How to make your printing project a success

 

Crisp Lines

 

Please do not use Adobe Photoshop for your text. Edit photos or add special effects to your design in Adobe Photoshop, then place the artwork into your application to add the text. This will give you sharp crisp graphics on your project without having it look fuzzy. Use Adobe Illustrator or another vector program like Adobe InDesign, QuarkXpress, or Macromedia Freehand to get clean lines on your line art.

 

Rich black

 

Text fonts less than 18pt bold should be black only. For text from 48pt down to 18pt bold use 60% Cyan, 60% Magenta, 60% Yellow, and 60% Black.

 

Don’t place text too close to the edge of the document

 

Do not place your text closer than .375″ (3/8”) from the edge.

 

Photos

 

Photos must be CMYK with color mode at 300 dpi resolution.

 

Images

 

Convert all RGB images to CMYK color mode to give you the best color. Our equipment can do this for you but results will be better is you do this in Adobe Photoshop before submitting files.

 

Print a proof and review a proof from your desktop printer

 

Please take time to print a proof on your desktop printer and review before submitting files. This will help to make sure your files are accurate before submitting them for printing.

 

Pantone color matching

 

All monitors are calibrated differently. Inkjet or laser printers use different types of toner and inks than commercial printing presses. Use Pantone PMS values for best results.

 

 

Newsprint Reproduction

 

Limitations in registration

 

Newspaper printing is different than heat-set magazine and book printing. The thin weight and the high-speed nature of newspaper presses produce the alignment of the cyan, magenta, yellow and black plates on press (registration) that is rarely perfect.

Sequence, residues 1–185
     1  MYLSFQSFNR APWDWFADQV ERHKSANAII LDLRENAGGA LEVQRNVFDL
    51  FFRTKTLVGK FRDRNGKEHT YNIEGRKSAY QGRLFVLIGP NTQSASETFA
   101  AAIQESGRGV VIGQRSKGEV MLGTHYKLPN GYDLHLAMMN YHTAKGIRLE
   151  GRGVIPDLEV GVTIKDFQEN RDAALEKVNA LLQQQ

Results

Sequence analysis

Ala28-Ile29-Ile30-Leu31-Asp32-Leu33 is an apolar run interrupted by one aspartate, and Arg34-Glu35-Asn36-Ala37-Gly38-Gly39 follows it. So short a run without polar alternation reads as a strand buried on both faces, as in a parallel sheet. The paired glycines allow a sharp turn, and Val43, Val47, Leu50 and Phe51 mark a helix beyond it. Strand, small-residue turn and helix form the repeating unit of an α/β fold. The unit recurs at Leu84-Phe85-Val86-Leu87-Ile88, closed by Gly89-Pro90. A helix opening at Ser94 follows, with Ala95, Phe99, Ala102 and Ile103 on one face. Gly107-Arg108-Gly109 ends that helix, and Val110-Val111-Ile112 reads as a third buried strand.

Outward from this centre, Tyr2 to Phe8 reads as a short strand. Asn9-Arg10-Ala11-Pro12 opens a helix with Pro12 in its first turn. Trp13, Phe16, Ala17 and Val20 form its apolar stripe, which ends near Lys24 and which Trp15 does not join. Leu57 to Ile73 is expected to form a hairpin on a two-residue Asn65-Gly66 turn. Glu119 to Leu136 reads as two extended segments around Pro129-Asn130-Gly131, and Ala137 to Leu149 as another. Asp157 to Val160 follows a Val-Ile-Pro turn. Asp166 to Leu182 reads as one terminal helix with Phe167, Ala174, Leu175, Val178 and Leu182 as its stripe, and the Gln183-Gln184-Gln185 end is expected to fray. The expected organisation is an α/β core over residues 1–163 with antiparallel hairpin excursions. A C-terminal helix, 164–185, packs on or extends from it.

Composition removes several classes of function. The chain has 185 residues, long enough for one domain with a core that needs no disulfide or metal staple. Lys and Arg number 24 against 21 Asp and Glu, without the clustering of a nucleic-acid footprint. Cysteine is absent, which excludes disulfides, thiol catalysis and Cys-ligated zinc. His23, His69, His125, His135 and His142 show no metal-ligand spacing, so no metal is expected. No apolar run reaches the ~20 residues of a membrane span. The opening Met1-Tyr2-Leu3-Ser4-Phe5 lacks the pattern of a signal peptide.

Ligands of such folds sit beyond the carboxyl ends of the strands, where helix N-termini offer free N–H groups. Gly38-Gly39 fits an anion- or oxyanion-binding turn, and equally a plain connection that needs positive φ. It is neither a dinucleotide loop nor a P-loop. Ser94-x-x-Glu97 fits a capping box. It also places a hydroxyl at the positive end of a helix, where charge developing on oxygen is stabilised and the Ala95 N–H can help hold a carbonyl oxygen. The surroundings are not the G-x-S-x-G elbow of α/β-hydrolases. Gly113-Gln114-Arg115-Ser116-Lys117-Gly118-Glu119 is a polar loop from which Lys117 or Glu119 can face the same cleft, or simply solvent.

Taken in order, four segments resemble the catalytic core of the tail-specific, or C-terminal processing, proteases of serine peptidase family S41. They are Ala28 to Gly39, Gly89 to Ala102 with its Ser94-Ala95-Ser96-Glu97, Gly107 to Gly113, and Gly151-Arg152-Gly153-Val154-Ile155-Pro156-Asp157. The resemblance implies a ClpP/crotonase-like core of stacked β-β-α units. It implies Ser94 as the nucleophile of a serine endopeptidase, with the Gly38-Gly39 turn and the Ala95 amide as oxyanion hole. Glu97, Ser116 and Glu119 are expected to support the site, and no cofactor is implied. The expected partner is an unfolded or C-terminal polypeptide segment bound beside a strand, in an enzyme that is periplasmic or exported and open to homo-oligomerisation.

Type size less than 9pt should be 100% black. Building small type in color builds will make it appear fuzzy and illegible.

 

Thin rules should be black. Color rules should be 2pt or thicker.

 

Use as few colors as possible when making a solid color build.

 

Dot gain and ink density

 

Cold-set printing on newsprint has more dot gain than other forms of printing. Ink on newsprint will absorb more and spread more than book paper.

 

Because of the absorbent nature of newsprint, the maximum amount of ink the paper can hold is less than what other papers can hold. The spreading ink also results in images often looking darker on paper than what your computer screen shows.

 

Total ink coverage should be 240%. This means the sum of the percentages of cyan, magenta, yellow and black for any one color must add up to 240% or less.

 

To make sure your file is optimized for newsprint reproduction, use the “North America Newsprint” color preset provided with Adobe Creative Suite CS6 (or newer). This will give you a better preview of the reproduction on your computer screen, and make sure your files use the correct ink densities.

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